Gay Reservists Are Picking the Wrong Fight

Claiming that Israeli law doesn’t recognize bereavement rights for LGBT families is a conservative interpretation of the law, which flies in the face of all recent legal rulings and could do more harm than good.

Aeyal Gross
Aeyal Gross
A photo released by the IDF in June shows two male soldiers holding hands.
A photo released by the IDF in June shows two male soldiers holding hands.Credit: IDF Spokesperson's Unit
Aeyal Gross
Aeyal Gross

An ad published in the Hebrew edition of Haaretz – as part of a campaign by gay reservists – claims that Israeli law does not “automatically recognize bereavement rights when it comes to LGBT families,” and that the wording of the law discriminates against and doesn’t recognize same-sex couples.

The people who signed the ad called for a change in the law. However, in 1996 the late Justice Shaul Aloni ruled in the case of Adir Steiner, whose partner had died during military service, that it was illegal to discriminate because of sexual orientation. He ruled that the clause dealing with common-law couples should, for legal purposes, also be applied to same-sex couples. However, another judge ruled against Steiner – basing this decision on the law concerning families of fallen soldiers – and the matter ended in compromise. In practice, Aloni’s egalitarian approach prevailed.

Courts have ruled again and again that same-sex partners must be recognized as common-law couples, even if the law only refers to “a man and a woman who share a household” – as written in the succession law, for example – and in light of the need for an egalitarian interpretation of legislation to fulfill its goal.

The attorney general has also adopted this position since 2004, interpreting all laws that deal with social rights as applying to same-sex partners. The army is obliged to follow this interpretation, and Defense Minister Moshe Ya’alon clearly stressed as much last week.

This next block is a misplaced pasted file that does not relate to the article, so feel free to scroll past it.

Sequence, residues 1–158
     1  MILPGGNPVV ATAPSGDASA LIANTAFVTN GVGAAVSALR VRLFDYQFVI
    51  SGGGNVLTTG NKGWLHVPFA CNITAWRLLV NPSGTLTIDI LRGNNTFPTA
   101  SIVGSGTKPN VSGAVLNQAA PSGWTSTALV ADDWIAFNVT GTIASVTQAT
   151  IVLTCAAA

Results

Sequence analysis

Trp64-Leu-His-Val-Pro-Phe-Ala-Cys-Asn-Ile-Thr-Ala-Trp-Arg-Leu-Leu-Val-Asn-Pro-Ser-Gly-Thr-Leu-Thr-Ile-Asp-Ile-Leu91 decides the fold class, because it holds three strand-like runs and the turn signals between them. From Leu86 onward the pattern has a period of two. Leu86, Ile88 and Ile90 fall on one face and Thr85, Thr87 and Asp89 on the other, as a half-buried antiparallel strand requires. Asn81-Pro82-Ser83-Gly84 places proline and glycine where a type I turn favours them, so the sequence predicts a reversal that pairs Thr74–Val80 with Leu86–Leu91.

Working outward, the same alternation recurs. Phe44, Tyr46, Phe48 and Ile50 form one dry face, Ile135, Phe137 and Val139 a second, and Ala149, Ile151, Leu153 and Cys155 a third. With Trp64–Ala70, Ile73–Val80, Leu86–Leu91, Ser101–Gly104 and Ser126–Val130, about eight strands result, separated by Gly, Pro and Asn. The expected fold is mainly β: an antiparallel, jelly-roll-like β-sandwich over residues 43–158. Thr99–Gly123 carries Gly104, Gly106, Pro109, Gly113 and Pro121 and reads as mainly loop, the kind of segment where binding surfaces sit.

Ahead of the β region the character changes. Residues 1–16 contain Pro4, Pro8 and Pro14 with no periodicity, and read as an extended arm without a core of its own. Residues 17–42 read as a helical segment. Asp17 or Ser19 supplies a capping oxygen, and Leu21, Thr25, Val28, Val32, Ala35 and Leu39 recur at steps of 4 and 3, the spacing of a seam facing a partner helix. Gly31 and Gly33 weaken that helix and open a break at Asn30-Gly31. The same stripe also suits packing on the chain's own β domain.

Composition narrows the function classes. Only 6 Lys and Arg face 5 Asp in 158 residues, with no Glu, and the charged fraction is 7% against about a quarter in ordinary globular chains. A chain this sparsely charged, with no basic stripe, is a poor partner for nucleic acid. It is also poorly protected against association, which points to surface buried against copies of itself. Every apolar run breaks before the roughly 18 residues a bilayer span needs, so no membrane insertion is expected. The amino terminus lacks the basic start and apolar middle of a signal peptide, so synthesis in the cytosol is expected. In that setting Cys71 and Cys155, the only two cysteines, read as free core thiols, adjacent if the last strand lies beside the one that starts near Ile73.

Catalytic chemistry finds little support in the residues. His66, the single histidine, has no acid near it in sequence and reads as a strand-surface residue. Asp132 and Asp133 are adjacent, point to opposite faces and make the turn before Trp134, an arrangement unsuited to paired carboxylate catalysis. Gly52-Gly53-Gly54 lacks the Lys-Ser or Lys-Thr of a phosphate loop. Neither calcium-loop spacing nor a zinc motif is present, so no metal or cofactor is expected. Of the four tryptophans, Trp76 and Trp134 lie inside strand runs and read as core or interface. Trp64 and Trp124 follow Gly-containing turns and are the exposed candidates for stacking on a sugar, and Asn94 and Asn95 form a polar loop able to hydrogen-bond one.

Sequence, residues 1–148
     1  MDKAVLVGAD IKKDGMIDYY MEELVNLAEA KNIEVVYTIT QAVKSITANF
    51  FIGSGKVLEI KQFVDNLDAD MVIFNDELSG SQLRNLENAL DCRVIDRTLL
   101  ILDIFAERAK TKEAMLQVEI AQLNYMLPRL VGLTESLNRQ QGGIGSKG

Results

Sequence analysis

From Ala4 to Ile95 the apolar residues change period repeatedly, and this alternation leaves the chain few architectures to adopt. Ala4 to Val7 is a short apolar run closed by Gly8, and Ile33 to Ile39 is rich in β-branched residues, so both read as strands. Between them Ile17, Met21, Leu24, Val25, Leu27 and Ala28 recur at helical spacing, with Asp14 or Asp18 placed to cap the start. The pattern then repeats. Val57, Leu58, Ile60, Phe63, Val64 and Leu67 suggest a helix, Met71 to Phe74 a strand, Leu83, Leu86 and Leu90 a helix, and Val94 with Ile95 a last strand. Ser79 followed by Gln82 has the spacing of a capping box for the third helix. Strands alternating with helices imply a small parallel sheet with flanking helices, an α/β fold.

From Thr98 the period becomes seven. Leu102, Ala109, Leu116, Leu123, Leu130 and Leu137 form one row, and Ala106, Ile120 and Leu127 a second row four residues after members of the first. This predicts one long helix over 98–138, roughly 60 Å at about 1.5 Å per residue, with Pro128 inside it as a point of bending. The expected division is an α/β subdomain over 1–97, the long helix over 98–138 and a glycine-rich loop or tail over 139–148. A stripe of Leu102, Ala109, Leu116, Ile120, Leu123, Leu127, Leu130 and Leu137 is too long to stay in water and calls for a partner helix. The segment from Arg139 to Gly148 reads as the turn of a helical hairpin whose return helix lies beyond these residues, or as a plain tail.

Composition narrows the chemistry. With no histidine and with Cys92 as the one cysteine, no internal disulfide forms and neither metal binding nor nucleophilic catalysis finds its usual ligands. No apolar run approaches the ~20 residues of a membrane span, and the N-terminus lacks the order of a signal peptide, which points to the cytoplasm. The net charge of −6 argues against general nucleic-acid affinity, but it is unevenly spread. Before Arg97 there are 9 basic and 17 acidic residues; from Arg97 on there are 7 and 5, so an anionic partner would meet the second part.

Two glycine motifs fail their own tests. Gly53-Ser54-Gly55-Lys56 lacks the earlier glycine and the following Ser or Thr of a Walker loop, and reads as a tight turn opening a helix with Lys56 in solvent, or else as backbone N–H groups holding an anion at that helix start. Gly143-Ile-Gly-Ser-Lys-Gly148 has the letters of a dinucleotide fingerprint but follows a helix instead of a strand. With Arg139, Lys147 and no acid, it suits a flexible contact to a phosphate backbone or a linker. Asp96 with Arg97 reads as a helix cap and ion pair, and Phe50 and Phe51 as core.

Activists and lawyers from the LGBT community managed to get the laws to be interpreted in egalitarian fashion, but now, the people fighting for LGBT rights are serving up on a silver platter this gift to opponents of equality. They are adopting the conservative interpretation of the law, contradicting the position of the courts, the attorney general and the Israel Defense Forces. And they themselves are saying the law doesn’t recognize same-sex partners and doesn’t grant them equal rights. They are basically saying that if, heaven forbid, they should die during military service, their partners won’t enjoy equal rights.

The gay reservists’ fight may actually cause harm. We must consolidate the egalitarian legal position, and ensure that it’s recognized and implemented rigorously in the IDF. We also have to inform the LGBT community about this. Otherwise, a person needing these rights will read in a newspaper that those fighting in the name of the community say they’re not actually recognized by existing legislation and won’t know that they can demand them. Lawyers wishing to argue that we should deviate from the line this ruling has taken for many years will now be able to assert that community representatives themselves say the law doesn’t recognize them.

Some might say this is only interpretation and is liable to change. True, but Knesset legislation can change, too. You can hope for legislation that won’t leave room for doubt or interpretation, but the composition of the current Knesset isn’t very promising. So, for now, it’s preferable to shore up the egalitarian interpretation that was won, not to undermine it.

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